On our visit to Budapest, we loved visiting the thermal baths. So, which thermal baths with kids in Budapest should you visit? This post gives you some options.
Gyógyfürdő is Hungarian for Spa!
Budapest sits on around 125 thermal springs (70 million litres of thermal water a day) and its nickname, since 1934, has been ‘the city of baths’. It has more thermal and medicinal water springs than any other capital city in the world so if you’re looking for a thermal bath, you’ve come to the right place.
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The Thermal Bath’s Legacy
Thermal baths in Budapest are a legacy to both Roman (2nd century) and Turkish occupation (16th century) and whilst some original Turkish baths still exist, many are modern spas that offer a range of aqua therapy treatments as bathing pools. There are 15 public thermal baths in Budapest, not counting the private thermal spas established in some luxury hotels. Depending on the time and the day of the week, baths can be for men or women only with most days being favoured for men!! Yes, let’s not say that sexism isn’t rife.
A typical bath complex will have multiple pools; big pools with cooler water are for serious swimming, while the smaller, hotter thermal baths are for relaxing, enjoying the jets and playing chess! You may also find a variety of sauna rooms, steam rooms, cold plunge pools and outdoor bathing areas.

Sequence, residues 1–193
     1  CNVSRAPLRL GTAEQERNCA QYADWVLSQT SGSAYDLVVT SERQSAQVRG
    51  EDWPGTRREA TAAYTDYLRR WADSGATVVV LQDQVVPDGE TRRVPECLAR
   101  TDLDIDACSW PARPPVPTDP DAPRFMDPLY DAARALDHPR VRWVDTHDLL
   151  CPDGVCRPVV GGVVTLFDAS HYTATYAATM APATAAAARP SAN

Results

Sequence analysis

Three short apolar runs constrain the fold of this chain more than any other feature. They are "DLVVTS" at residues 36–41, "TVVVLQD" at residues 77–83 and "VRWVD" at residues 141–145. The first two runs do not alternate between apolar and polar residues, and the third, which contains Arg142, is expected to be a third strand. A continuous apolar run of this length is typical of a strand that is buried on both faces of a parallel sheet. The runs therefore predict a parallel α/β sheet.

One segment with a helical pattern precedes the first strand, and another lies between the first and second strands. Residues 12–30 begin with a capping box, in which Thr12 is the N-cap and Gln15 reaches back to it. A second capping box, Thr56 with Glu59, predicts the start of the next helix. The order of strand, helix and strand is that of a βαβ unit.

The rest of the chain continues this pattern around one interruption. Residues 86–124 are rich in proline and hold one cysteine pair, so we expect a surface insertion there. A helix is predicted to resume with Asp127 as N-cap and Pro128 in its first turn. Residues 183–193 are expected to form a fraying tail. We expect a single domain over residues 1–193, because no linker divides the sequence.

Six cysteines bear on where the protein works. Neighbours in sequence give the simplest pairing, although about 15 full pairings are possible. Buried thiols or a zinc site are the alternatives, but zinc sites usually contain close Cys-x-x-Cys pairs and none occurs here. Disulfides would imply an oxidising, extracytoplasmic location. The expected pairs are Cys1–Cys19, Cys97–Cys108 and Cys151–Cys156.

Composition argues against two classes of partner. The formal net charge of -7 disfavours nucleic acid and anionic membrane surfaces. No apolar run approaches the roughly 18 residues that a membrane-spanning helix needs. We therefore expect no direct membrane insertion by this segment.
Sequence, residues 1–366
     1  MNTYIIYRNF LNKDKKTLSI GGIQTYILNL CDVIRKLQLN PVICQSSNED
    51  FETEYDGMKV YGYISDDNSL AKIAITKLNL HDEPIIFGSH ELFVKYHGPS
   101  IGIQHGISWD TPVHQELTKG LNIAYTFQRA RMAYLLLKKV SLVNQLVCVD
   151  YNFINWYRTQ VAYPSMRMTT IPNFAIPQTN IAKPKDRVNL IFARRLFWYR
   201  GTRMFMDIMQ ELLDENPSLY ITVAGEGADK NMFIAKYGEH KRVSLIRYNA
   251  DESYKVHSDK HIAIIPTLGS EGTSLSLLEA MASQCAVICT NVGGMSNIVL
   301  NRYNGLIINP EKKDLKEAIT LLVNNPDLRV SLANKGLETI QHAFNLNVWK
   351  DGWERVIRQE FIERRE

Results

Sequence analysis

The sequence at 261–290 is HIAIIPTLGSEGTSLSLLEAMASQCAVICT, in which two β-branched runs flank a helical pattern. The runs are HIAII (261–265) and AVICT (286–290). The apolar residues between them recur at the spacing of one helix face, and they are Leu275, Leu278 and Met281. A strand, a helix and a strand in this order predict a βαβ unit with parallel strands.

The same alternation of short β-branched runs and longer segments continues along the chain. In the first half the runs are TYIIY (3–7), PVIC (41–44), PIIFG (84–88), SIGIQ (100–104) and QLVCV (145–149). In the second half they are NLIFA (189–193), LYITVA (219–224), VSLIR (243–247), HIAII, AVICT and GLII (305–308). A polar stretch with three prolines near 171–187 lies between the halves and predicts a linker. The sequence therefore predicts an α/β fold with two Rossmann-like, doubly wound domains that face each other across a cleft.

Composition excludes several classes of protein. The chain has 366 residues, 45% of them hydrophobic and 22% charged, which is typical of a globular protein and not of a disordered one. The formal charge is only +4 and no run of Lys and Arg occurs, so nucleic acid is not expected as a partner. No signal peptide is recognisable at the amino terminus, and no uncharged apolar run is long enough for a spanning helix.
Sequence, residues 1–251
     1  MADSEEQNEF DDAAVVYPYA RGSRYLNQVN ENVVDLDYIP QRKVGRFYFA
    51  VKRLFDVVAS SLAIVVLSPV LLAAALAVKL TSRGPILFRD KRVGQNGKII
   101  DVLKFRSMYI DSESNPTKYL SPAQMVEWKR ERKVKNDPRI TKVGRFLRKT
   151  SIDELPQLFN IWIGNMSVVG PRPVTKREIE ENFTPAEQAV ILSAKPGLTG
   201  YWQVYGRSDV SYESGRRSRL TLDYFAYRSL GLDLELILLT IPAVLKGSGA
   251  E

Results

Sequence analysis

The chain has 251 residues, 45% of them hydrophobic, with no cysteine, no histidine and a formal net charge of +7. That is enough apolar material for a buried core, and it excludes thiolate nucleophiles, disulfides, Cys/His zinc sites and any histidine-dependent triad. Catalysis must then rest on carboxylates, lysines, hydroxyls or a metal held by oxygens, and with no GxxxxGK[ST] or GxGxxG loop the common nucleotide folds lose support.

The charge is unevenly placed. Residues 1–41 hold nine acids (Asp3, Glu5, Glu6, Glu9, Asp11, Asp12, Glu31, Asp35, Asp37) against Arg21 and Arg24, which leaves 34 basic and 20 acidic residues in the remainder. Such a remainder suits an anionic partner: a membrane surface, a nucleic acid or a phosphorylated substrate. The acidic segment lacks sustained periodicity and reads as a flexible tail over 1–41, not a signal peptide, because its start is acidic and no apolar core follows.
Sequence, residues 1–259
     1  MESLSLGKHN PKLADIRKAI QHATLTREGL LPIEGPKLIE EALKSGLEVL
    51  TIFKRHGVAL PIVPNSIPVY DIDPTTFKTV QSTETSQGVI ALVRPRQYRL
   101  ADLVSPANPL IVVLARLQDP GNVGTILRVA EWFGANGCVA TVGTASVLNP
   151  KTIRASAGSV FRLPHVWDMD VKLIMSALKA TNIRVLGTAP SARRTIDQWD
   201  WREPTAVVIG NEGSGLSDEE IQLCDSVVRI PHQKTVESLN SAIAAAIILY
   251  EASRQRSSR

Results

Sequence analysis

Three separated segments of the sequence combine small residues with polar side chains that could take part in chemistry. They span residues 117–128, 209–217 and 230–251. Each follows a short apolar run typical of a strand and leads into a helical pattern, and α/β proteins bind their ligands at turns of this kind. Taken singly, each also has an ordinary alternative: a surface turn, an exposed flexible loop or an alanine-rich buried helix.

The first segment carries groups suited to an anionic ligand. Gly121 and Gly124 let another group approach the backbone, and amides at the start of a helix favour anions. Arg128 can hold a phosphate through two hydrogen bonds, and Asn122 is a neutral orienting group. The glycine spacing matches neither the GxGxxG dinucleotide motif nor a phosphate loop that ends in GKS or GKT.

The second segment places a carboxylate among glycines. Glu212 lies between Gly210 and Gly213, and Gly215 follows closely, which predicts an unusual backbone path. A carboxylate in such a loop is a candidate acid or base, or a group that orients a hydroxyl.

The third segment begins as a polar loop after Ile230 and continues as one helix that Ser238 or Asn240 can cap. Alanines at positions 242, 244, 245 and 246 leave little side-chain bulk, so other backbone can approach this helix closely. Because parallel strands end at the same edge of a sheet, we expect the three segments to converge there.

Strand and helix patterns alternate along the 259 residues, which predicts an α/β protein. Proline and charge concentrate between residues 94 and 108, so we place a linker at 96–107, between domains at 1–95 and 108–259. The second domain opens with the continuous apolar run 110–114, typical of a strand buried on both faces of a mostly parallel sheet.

Thermal Baths With Kids In Budapest. So WHICH Should You Visit?
Kiraly baths came recommended to us by a French family as being the oldest, most authentic and less touristy baths. Sadly upon reaching Kiraly we also realised that they don’t accept children under 14 years.
Kiraly is one of the medieval Turkish baths built by the Ottoman Turks in the 1565. The baths are small and described as uniquely Turkish. The water in the pools ranges from 26-40*c
See their website for more details.
Lukacs has a reputation for being a locals’ baths, as tourists do not frequent the baths as much as others in Budapest. It was first opened in 1894 and is set in a small park and medicinal facility. It has a total of eight pools, five thermal, a range of saunas and offers treatments such as physiotherapy, massages, mud treatments and salt chamber rooms. Not all the pools are open to the public however you can book specific sessions in advance.
The grounds are pretty and people who have been cured at Lukacs have left marble tablets in the courtyard to express their gratitude, with the oldest tablet dating back to 1898. It has a bit of a reputation as an artist’s retreat!! It also produces its own bottled water, labelled Szent Lukács, that is helpful for stomach problems, gallbladder and kidney stones. It comes in green bottles so keep an eye out.
The main thermal baths are circular in shape with one end being a whirlpool. The other end houses the bubble lounges and water spouts. The actual two swimming pools are segregated into gender and you will need to have a swimming cap to enter them! There a quite few saunas, including a herbal one and a salt room. It is a basic spa but family-friendly and welcoming to children.